So, I hope you understand the expression, guys, ‘a taste of your own medicine’. Remember, it can be used with verbs like ‘to give someone a taste of their own medicine’, ‘to have a taste of one’s own medicine’, and ‘to get a taste of one’s own medicine’. And it is when an experience of the same harmful or unpleasant thing that someone does to other people is received by that person. So, it kind of boomerangs back on them, right? And I just use the word ‘boomerang’ as a verb.

(A) ‘boomerang’ is that… the curved stick that Aboriginals used to hunt animals in Australia, and there is a stereotype that it comes back. So, it boomerangs, right? You’ve probably seen that on Instagram. Boomerang. Anyway, I diverge.

Let’s get on to the listening and repeating exercise, or listen and repeat exercise, okay. So, this is your chance to practice your pronunciation, guys, before we finish up. So, listen and repeat after me and practice your English accent. Let’s go.

To
To give
To give you
To give you a
To give you a taste
To give you a taste of
To give you a taste of your
To give you a taste of your own
To give you a taste of your own medicine x 5

That was a long one today, guys. I hope you did alright. So, now I’m going to use it in the future perfect tense. Okay? I will have got… You will have got… Okay? So, ‘will have’ + the past participle. And I want you to pay attention to how I’m pronouncing ‘will have’, okay? You’re going to notice that it gets contracted. Let’s go.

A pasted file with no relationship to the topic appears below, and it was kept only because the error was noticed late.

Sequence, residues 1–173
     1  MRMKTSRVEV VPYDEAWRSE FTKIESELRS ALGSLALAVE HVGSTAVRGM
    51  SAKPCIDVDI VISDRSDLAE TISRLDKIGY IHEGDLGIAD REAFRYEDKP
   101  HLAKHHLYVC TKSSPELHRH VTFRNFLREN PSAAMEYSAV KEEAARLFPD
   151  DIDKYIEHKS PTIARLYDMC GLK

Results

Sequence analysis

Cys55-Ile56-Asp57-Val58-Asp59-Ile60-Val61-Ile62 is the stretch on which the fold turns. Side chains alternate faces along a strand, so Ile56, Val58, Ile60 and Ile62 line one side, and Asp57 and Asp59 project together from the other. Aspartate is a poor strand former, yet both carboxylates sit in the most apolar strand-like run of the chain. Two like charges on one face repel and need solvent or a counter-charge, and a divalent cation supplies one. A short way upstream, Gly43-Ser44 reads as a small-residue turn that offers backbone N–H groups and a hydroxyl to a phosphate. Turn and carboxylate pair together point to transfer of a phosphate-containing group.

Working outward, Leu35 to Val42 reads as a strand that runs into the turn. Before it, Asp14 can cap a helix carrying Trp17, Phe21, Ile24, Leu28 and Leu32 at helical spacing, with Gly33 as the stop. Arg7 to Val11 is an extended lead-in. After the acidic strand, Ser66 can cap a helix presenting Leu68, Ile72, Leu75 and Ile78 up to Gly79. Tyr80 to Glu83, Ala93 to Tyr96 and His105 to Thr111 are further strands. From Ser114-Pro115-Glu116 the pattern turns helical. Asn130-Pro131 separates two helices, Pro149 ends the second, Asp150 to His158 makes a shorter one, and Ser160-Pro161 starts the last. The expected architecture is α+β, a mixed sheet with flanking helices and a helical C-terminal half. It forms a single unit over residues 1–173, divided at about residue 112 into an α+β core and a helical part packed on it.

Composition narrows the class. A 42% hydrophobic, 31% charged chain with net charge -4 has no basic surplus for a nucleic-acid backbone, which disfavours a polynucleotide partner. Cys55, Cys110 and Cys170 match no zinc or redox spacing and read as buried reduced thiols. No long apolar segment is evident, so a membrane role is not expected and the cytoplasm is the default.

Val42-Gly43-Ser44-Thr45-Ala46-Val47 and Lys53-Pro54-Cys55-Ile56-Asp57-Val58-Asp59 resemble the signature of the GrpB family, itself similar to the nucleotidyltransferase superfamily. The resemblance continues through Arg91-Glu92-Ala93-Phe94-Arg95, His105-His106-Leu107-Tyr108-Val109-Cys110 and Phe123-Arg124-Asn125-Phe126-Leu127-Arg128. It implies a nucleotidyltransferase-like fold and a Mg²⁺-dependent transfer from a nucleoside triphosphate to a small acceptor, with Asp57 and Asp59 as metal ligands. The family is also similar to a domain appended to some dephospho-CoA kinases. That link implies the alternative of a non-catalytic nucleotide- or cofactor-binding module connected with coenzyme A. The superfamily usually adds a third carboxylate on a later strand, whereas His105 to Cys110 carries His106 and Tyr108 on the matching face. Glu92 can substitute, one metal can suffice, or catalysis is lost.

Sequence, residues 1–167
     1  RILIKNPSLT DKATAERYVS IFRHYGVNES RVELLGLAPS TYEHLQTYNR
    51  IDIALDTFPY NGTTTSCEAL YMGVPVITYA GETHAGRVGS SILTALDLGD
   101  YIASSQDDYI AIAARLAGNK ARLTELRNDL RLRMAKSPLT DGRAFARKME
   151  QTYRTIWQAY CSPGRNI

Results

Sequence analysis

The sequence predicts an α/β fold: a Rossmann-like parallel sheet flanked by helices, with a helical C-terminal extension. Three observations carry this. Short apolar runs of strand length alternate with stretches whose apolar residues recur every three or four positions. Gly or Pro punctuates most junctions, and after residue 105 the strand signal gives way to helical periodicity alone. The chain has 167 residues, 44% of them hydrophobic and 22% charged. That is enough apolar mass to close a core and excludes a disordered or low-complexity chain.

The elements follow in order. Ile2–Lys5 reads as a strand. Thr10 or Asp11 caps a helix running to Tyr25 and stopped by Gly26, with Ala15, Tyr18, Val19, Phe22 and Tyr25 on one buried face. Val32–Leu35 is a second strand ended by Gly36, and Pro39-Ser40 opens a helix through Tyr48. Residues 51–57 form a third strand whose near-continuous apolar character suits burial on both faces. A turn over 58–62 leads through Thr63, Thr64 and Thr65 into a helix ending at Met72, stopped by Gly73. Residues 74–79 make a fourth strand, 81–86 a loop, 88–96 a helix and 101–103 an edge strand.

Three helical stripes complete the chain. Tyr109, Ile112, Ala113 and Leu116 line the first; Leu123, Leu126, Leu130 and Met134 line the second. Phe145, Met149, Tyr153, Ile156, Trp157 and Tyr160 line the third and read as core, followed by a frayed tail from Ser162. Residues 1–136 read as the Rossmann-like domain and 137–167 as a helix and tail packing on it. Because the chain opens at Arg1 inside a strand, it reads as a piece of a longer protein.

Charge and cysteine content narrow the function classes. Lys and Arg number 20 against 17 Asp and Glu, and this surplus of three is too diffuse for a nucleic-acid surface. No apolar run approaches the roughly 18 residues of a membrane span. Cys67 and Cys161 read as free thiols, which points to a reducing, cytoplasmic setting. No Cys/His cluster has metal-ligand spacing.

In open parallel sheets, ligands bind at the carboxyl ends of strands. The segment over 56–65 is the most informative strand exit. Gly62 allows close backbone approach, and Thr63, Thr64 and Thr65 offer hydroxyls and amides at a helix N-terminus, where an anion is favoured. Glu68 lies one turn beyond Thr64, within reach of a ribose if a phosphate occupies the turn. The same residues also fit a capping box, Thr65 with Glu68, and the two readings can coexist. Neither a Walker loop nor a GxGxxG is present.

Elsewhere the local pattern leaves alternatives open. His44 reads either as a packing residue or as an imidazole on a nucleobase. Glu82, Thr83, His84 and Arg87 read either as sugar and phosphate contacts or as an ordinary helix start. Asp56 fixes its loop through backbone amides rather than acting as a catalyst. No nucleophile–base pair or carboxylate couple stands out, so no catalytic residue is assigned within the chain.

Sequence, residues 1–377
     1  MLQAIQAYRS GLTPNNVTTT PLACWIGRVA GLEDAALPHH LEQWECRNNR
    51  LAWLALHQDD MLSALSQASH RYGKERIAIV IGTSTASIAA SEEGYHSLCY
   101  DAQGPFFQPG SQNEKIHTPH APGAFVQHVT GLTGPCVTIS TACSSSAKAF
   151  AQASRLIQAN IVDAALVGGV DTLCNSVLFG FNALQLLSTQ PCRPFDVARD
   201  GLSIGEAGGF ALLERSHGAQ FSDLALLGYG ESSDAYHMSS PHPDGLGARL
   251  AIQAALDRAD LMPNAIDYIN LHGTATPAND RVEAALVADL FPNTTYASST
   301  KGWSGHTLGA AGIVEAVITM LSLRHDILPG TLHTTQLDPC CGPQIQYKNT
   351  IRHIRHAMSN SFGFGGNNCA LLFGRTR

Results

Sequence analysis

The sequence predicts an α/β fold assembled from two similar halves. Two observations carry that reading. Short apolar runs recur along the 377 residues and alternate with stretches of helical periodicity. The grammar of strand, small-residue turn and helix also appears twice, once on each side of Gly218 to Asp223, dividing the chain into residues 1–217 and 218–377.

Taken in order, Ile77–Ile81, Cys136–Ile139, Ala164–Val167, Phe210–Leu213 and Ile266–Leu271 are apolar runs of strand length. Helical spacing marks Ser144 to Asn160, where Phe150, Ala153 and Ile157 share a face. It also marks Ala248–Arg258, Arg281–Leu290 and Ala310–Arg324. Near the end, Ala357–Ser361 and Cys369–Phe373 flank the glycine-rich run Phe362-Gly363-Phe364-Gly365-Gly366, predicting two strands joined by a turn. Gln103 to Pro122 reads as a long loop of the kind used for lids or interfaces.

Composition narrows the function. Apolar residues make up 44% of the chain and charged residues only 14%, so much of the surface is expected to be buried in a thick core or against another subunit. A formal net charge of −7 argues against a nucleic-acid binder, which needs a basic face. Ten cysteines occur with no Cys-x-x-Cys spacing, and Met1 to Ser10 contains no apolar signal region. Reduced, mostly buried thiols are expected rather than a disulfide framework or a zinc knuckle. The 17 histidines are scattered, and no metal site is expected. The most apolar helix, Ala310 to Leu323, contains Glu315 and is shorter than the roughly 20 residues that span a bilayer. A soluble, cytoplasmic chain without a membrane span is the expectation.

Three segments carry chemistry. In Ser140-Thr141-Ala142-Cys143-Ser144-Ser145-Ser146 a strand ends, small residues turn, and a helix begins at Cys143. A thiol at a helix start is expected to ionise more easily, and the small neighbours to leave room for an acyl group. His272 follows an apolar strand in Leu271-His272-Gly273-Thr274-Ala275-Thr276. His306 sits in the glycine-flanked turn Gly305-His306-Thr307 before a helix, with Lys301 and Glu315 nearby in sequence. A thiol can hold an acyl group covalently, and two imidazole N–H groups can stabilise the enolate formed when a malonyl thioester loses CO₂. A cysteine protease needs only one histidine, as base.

I’ll have got a taste of my own medicine
You’ll have got a taste of your own medicine
He’ll have got a taste of his own medicine
She’ll have got a taste of her own medicine
We’ll have got a taste of our own medicine
They’ll have got a taste of their own medicine
It’ll have got a taste of its own medicine

Good job, guys. Remember, if you would like to go through the detailed video that will break down this exercise and talk about all the different aspects of connected speech, of pronunciation, intonation, go to theAussieEnglishClassroom.com and enroll and you will get access to all of this episode’s content as well as all of the past expression episodes content and a bunch of other things too. TheAussieEnglishClassroom.com. Give it a go.

So, today’s Aussie fact. I decided to look up medical inventions from Australia. So, I thought, I know that there’s a few medical inventions that were created in Australia. So, I thought I would do a search, I’d list them, I’d mention them, and I would discuss each of them for you, guys. So, I’ve got six here. Okay.

And if you want to read a more in-depth article about these inventions and a couple of other ones that were also listed go to ScienceAlert.com. Okay. It’ll be in the transcript if you want the link to read this article. Okay. Let’s go.

So, number one: Medical application of penicillin. So, the Australian researcher Howard Florey worked with a team in the UK to purify penicillin from a special strain of mould. This is how it was originally done. And he later showed it could fight bacterial infection in humans. The antibiotic changed modern medicine forever, although obviously, we’re going to probably have problems in the near future because antibiotics are less and less effective these days.